On our way back to the village, we stopped by an old ‘rest house’, which was in a rather dilapidated condition. Since such a place so deep in rural Punjab intrigued my students, I explained to them that this rest house was the place where the deputy commissioner of the Montgomery district (as it was named until the 1960s), used to stay here on his rounds through the district during the British era. It was required of all deputy commissioners to be on tour of the district during the winter months so that the official could know each part of his charge well and that local issues could be dealt with on the spot. As some of the villagers explained, under the old system, they did not have to go to the district headquarter to get things done, since they would simply wait for the ‘DC sahib’ to turn up. No wonder the British were able to control Punjab so well as they knew the area and were known to address local concerns. This is certainly a far cry from the current scenario.

Our next stop was a quick visit to Dera Ghazi Khan and then onwards to Fort Munro, the Murree of southern Punjab

(To be continued…)

Published In The Express Tribune, June 26th, 2012.

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Reader Comments (10)

  • mystreeman
    Jun 25, 2012 - 10:58PM

    New construction is also eliminating our old and historical building in the cities as well. WE don’t care for preserving our past. What a loss.


  • mallani kop
    Jun 26, 2012 - 8:42AM

    “At a stretch, this also explains our disinterest and disinformation about the past, which has been complicating our present and will also obscure our future”.
    fascinating stuff. well the reality is that the ‘new’ is made in pakistan, and the ‘old’ was made in india.


  • mystreeman
    Jun 26, 2012 - 2:47PM

    @mallani kop: But the truth is Pakistan was also made in India:)


  • Zawar Dumra
    Jun 26, 2012 - 11:01PM

    Even government is trying to sale these rest houses. The rest house which is mentioned in the column was presented for auction last year and my family also participated in the auction(but auction was cancelled later). Our authorities were treating the site as agricultural land. I was amazed that a historical place was given under canal department. In my opinion, such historical rest houses should be taken by archaeology department. I am sure these rest houses will be considered as historical as mughal places are these days.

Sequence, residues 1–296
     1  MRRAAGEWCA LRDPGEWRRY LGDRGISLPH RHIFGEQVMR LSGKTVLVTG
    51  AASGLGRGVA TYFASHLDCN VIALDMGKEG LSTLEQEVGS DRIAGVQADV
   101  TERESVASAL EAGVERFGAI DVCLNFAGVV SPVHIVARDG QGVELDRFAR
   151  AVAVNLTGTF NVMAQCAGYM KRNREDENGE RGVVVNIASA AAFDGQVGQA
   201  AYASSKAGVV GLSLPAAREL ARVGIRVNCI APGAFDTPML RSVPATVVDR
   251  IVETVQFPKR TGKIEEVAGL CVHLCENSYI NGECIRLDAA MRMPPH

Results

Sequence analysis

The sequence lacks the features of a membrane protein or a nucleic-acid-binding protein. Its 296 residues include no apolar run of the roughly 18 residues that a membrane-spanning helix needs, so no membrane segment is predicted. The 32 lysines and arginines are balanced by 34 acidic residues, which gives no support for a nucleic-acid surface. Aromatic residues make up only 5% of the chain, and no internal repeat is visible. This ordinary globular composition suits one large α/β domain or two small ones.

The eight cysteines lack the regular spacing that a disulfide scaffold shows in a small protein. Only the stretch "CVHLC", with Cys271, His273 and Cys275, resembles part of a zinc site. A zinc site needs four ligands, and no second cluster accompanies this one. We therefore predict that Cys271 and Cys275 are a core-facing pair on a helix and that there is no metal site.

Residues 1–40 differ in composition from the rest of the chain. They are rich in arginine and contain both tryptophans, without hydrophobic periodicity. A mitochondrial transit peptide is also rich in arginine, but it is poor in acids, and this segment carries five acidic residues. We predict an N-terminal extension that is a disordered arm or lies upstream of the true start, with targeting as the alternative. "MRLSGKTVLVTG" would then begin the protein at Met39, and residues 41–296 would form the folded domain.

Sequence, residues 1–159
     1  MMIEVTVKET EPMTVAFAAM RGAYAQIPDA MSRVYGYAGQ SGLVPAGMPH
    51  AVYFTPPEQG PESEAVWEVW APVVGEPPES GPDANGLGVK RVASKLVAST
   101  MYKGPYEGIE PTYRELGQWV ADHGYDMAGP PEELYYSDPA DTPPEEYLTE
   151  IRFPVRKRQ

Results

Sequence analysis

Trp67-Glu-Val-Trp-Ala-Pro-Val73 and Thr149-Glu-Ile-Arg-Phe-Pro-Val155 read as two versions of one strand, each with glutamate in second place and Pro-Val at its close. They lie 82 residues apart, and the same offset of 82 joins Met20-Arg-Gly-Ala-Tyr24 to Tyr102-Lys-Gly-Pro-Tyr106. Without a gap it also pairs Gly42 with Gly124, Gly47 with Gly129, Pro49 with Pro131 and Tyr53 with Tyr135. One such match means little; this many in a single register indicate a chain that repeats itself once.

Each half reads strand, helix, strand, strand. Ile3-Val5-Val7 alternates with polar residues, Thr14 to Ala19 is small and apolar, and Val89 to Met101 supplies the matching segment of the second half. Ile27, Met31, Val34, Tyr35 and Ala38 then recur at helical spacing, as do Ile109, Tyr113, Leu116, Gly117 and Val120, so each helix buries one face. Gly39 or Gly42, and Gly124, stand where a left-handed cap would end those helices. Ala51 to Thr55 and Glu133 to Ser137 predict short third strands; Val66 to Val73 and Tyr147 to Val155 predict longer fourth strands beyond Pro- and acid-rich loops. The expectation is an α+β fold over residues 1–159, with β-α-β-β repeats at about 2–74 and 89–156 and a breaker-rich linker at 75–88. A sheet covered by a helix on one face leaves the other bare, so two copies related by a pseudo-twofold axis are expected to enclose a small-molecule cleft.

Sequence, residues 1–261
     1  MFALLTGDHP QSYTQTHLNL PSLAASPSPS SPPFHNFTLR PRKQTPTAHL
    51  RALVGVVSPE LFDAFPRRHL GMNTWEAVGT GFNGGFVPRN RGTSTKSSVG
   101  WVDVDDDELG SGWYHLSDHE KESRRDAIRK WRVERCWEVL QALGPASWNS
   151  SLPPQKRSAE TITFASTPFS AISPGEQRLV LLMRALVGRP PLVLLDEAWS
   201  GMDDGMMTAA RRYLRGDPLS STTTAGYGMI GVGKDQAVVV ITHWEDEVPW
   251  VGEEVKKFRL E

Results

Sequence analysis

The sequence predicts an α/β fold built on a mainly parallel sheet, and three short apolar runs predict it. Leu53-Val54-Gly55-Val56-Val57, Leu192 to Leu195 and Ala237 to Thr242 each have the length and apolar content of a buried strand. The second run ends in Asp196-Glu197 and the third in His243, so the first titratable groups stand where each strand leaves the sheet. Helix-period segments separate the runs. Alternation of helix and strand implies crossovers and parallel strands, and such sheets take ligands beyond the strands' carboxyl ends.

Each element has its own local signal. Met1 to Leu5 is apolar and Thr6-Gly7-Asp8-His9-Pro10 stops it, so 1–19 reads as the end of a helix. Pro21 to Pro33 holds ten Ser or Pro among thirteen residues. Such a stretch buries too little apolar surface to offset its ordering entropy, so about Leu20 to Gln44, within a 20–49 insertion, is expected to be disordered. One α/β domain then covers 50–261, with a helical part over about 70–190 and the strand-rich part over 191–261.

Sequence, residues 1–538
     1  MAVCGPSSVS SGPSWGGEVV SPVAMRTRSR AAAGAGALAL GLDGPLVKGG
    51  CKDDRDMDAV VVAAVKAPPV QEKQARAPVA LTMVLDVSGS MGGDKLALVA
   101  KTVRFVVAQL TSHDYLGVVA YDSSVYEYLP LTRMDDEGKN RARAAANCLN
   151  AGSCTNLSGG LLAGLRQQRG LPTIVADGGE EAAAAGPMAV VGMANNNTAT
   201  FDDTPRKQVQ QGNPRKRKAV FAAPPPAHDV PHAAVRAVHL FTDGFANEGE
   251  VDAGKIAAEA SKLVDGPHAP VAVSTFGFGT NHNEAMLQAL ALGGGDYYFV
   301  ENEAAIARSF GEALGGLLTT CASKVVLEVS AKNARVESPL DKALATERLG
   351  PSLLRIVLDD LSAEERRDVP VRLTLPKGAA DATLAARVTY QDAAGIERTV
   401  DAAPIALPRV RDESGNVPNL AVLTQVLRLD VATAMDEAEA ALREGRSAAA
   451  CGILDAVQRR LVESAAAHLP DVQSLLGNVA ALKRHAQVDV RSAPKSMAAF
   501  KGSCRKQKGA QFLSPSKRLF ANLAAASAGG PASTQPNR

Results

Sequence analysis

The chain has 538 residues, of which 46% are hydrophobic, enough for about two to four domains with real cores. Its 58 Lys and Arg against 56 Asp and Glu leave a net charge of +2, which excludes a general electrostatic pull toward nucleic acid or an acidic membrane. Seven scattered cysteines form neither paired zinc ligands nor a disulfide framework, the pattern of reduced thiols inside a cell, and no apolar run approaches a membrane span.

• mallani kop
    Jun 27, 2012 - 7:26AM

    right on dude


  • Cynical
    Jun 27, 2012 - 11:02PM

    Tourism industry has a great future in Pakistan.But it requires a big image makeover for travellers to feel safe.


  • Zaki Abbas
    Jun 28, 2012 - 10:01AM

    Situation is even more worse in the far areas of southern punjab….


  • Sarmad Hussain
    Jun 29, 2012 - 10:34AM

    A great pierce, thoroughly enjoyed the journey. Waiting for the next parts. For those interested I will paste the link to some of the interesting photographs of the mega road trip.



  • Jun 29, 2012 - 11:03AM

    Sir Bangash, you did the right thing; one should try to explore this country, which is endowed with marvels.Taking students along was in effect, a service to them, for you showed the real heritage and beauty of the homeland. We must love our country and feel proud on everything that it has to offer.

    I would like you to carry-on this errand of seeking knowledge; this trip was an assortment of leisure and study, the latter being preponderant.


  • Jun 29, 2012 - 10:58PM

    Your article has evoked some questions in my mind. Do you think that so called educated Pakistanis have played vital role for the development of sociocultural values? Another question; why we have deployed the idea not to visit historical places [even traveling itself] for merely skim of knowledge and inspirations for change?